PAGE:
Until now! The humble ballpoint makes knocking together a vacumatic fountain pen a breeze. Its ink tube gives an excellent ramrod for the diaphragm pellet. Another piece makes a perfect pellet holder. The tip itself is perfect for connecting the pellet holder to the plunger rod. At a stroke, with no tooling at all, half the vacumatic assembly simply presents itself!
|From left to right: Staedler 430F, Staedler 430M, British Red Cross freebie.|
Parts Used (all prices include UK shipping)
- An old ballpoint pen. This was a freebie from a British Red Cross mailshot. The Staedler Stick 430 seems to be a compatible design too.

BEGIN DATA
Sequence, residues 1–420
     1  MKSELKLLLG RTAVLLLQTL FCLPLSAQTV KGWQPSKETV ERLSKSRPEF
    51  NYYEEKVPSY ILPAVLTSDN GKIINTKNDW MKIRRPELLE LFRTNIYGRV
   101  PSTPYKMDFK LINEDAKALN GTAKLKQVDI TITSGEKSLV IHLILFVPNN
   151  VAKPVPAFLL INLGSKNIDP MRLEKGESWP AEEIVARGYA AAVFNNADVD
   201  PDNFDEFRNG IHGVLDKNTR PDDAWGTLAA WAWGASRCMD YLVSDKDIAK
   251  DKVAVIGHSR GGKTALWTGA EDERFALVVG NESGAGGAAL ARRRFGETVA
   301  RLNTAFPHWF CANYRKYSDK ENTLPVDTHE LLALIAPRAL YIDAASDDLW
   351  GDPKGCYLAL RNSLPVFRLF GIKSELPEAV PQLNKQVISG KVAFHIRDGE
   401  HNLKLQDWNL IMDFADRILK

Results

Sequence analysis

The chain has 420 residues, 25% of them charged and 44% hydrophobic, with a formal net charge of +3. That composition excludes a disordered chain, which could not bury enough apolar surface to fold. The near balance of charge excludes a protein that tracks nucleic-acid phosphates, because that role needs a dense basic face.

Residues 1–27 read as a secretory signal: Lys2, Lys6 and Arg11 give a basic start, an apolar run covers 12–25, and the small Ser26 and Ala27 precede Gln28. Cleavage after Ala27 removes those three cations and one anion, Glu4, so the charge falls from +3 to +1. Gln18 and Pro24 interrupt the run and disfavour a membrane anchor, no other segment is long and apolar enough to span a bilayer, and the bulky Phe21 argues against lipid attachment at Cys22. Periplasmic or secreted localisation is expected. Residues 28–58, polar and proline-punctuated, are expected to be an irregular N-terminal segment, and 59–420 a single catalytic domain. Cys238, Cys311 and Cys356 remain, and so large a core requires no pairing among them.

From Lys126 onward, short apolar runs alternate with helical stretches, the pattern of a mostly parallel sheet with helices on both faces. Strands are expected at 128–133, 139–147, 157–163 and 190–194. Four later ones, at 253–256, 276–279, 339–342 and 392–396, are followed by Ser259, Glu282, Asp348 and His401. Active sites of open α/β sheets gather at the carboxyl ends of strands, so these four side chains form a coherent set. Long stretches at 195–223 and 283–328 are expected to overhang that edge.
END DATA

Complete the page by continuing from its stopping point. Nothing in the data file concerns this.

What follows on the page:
- A Dunlop/Woods bicycle valve, and its cap. £2.25 a pair at TemeCycles eBay shop.
- A blind rivet, solely for its tang.
- A free aftershave, eau de toilette, or perfume sampler, the mini spray type, for its tiny compression spring.
- A small metal washer.
- Aquarium sealant (silicon sealant) £3.99 from Maidstone Aquatics.
- A vacumatic diaphragm, the large size (definitely not debutante size) £2.08 from Cathedral Pens.
|The Hero 616 Jumbo uses a much larger vacumatic diaphragm than the Parker 51, as it lacks the latter's dedicated choked barrel chamber.|
- An unbranded mini drill, and the various cutting & sanding attachments they come with.
- A cake of blank DVDs, to hold the curved barrel straight as I cut the blind cap. I don't have a mitre box and had to improvise!
- A sharp, thin utility blade, I think it's the long Stanley type.
With the parts to hand, it was time to make a start on the conversion, beginning with the next post - "Cutting the Blind Cap".